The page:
Veena Sahajwalla, University of New South Wales, spoke about micro-factories that take waste out of the environment and put it into manufacturing, thus creating value, including jobs, from waste.
Alethia Vázquez Morillas, Autonomous Metropolitan University, Azcapotzalco Unit, Mexico, stressed that circularity has limits, because the technology needs more elements than what is available now, and called for transparency from the industry to know more about the components in plastics.
Alexander Turra, University of São Paulo, spoke about the differences challenging the adequate promotion of an inclusive economy and inequality reduction. He urged that the treaty should address the inequalities between the global north and south, including at sub-national levels.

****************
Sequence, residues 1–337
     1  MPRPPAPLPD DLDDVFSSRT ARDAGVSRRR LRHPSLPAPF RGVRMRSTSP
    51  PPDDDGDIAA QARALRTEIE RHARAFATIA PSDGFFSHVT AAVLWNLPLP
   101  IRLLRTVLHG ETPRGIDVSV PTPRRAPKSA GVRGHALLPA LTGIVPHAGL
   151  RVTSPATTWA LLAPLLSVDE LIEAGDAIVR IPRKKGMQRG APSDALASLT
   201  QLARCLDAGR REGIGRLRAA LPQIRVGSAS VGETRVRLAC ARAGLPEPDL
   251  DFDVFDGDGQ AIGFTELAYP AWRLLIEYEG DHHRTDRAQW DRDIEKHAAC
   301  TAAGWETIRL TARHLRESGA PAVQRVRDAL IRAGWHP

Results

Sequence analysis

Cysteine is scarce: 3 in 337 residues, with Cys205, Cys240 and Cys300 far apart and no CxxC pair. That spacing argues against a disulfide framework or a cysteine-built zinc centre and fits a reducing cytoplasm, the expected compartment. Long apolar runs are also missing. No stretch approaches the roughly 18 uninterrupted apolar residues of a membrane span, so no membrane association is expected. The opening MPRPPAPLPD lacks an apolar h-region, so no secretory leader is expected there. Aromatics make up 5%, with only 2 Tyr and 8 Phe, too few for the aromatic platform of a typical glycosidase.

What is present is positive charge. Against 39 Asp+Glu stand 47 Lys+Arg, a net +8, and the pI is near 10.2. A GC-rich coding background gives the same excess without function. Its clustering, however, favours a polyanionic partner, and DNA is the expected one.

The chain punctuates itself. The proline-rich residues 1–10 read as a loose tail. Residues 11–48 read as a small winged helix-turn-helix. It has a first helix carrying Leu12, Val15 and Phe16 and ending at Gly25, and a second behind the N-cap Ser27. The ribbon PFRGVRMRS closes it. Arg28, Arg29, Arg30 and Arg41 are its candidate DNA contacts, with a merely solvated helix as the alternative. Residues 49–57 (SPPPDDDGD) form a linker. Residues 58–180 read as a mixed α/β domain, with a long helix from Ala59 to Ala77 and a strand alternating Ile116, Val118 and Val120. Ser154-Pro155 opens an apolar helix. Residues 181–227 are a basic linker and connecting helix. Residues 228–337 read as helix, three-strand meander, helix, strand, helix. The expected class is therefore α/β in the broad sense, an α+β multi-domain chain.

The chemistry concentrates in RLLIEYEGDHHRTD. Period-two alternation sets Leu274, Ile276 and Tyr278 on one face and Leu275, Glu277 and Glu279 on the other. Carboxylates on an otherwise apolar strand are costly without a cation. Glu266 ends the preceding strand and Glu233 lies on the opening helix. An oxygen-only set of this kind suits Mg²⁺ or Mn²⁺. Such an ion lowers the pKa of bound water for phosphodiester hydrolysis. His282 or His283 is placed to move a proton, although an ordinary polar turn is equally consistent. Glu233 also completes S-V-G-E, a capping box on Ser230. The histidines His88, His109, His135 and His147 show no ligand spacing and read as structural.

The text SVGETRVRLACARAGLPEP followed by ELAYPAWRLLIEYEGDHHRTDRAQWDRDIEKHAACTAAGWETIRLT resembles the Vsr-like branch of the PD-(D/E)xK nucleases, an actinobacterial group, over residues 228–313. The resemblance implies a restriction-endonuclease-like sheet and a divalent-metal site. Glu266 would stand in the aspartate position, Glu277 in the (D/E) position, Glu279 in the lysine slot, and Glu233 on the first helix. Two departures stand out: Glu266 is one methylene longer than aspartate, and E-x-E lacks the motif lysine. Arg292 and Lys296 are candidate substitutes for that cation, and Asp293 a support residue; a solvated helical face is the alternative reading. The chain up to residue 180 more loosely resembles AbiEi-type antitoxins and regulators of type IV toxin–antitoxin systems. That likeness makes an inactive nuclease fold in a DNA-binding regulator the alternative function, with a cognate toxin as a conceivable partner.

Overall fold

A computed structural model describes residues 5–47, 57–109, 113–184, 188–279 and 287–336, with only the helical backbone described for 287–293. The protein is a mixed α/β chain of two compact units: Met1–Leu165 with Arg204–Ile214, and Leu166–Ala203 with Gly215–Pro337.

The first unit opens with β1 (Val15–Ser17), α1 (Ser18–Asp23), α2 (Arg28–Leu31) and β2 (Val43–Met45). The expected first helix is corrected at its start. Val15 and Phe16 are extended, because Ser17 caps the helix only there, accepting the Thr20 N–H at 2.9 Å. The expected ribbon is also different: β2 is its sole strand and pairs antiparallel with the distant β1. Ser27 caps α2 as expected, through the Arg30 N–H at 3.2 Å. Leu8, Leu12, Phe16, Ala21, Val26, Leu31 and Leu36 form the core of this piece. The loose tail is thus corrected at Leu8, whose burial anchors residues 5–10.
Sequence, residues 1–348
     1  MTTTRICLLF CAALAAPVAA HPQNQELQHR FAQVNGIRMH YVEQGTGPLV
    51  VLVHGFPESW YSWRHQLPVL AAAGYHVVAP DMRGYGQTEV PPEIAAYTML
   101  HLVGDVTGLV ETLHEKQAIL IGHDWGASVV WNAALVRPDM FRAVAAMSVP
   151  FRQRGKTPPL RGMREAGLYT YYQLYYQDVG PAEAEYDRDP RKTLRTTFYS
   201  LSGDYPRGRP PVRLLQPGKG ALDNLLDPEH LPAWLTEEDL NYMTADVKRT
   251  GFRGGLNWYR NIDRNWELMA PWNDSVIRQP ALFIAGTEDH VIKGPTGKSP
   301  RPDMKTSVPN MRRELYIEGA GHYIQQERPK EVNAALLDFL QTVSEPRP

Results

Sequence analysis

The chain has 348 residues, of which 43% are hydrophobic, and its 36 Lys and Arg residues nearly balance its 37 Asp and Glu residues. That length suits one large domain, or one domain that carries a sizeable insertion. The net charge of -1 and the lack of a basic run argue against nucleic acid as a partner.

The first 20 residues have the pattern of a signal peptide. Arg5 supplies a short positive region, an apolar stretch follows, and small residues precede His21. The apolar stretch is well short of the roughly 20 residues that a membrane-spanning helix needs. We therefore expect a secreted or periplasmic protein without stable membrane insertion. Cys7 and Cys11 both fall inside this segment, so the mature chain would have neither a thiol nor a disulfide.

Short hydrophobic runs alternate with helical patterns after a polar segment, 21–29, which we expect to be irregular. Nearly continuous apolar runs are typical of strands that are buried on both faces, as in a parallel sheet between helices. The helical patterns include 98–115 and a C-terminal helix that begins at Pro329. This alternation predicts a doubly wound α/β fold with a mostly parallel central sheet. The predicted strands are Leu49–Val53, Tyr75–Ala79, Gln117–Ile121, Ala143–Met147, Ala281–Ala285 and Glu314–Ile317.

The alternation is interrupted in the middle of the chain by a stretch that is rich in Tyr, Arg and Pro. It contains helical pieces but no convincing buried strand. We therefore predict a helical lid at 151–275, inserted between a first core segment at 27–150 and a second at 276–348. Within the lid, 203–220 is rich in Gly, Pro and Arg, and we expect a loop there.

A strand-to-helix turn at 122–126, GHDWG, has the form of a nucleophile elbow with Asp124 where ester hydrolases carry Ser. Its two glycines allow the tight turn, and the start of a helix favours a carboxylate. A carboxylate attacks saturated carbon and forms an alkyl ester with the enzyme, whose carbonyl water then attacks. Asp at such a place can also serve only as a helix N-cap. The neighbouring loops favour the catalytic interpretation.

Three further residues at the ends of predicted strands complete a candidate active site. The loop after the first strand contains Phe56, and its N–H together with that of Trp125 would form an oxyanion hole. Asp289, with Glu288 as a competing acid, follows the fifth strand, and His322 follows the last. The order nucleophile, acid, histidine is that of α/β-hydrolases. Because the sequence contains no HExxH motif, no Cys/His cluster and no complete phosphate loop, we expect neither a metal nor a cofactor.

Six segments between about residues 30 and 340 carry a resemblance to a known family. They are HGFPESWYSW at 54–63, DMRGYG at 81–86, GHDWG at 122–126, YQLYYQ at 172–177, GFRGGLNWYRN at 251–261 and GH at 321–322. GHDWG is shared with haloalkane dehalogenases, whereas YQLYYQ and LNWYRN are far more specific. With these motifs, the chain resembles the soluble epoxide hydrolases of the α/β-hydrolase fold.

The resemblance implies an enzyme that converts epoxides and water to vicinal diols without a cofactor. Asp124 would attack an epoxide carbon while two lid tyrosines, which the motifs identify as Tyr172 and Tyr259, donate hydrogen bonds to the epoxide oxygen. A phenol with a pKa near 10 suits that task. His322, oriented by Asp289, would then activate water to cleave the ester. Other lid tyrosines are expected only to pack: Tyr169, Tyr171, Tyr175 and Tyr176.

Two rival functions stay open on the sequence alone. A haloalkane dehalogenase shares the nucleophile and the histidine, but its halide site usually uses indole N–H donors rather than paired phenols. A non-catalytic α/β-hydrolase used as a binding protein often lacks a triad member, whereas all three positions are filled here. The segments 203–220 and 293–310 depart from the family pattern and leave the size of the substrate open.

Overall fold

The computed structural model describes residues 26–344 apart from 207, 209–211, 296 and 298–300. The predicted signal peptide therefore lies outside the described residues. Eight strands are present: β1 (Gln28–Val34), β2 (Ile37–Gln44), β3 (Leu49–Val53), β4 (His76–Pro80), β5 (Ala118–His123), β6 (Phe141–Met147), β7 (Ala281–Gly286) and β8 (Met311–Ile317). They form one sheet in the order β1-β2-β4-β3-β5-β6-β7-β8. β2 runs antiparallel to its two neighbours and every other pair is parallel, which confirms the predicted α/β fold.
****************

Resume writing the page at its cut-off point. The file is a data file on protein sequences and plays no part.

In the ensuing discussion, participants addressed how to prevent industry lobbies “sabotaging these negotiations.” Panelists stressed the importance of having clear science and an understanding of “what we want to achieve,” and also called for broader participation from stakeholders, particularly from marginalized communities. Participants also agreed that the ILBI should address possible impacts that a circular economy could have on the environment and human health. Panelists shared examples, highlighting that recycled polyethylene terephthalate (PET) contains more toxins than virgin PET. Participants were also interested in how the process will ensure the participation of scientists in the process, with some showing interesting in knowing the number or percentage of scientists participating. Panelists explained that this is a country-driven process, and the participation of scientist will depend on state delegations, but also stressed that we already have the necessary scientific knowledge to begin and continue this process. A call for enhanced youth participation was welcomed by panelists as an attendee explained the need to create proper spaces for youth engagement and more significant participation from young professionals.